The piece has been co-produced in close dialogue and collaboration with those who have first-hand experience of migration as well as those who are actively challenging the Home Office’s draconian and surveillance-intensive policies. The themes and topics that emerged from these collaborative sessions came to dramatically reshape the piece. What emerged was differing stories of navigating life in East London, carving out spaces and forcing open pathways amidst xenophobia, bureaucratic pressures from the Home Office, border violence, and loss and nostalgia for ‘home.’ Some of these stories are intergenerational; some are set in the past; others focus on the present. They speak to the tensions between hostility and hospitality that have long shaped and reshaped East London.
We see this work as a way of turning the lens on the hostile environment policy, which is bringing devastation to so many and increasingly outsourcing immigration enforcement onto society at large. But rather than telling a story of assimilation or multiculturalism (a story of minorities ‘fitting into’ East London), this piece is focused on the ways that London itself is remade in spite of barriers to inclusion. Migrants, asylum seekers, and their advocates are envisioning alternative futures for Britain, actively wrestling with the hostile environment policy, and trying to find more just, if messy answers to the question of who is welcome.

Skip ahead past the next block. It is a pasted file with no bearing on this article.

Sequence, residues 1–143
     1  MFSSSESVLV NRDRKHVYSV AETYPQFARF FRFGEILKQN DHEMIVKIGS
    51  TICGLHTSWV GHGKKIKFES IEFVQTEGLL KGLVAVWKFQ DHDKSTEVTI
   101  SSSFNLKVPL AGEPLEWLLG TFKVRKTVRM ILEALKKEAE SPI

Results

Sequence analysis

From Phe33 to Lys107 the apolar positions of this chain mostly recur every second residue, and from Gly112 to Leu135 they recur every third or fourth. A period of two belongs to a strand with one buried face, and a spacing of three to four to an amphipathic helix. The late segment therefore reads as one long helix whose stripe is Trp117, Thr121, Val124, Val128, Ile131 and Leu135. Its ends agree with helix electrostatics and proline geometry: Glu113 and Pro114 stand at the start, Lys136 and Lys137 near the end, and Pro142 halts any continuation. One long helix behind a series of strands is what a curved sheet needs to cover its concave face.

H Is For Hostile Environment secured supplementary funding from Arts Council England. The film will be exhibited when finished in venues in east London.
I am an interdisciplinary historian who works at the intersection of science and technology studies, migration studies, and critical race studies. I examine problematics related to mobility, digital identity, and biometrics. My first book, We Do Not Have Borders: Greater Somalia and the Predicaments of Belonging in Kenya, looked at Somali transnational networks in Kenya. My new project explores the history of biometric identification in Kenya and the impact of new digital identity systems on those at the political and economic margins. My recent work has been funded by the British Academy/Leverhulme Trust, the American Council of Learned Societies, the Fulbright Program, Privacy International, and the Alan Turing Institute.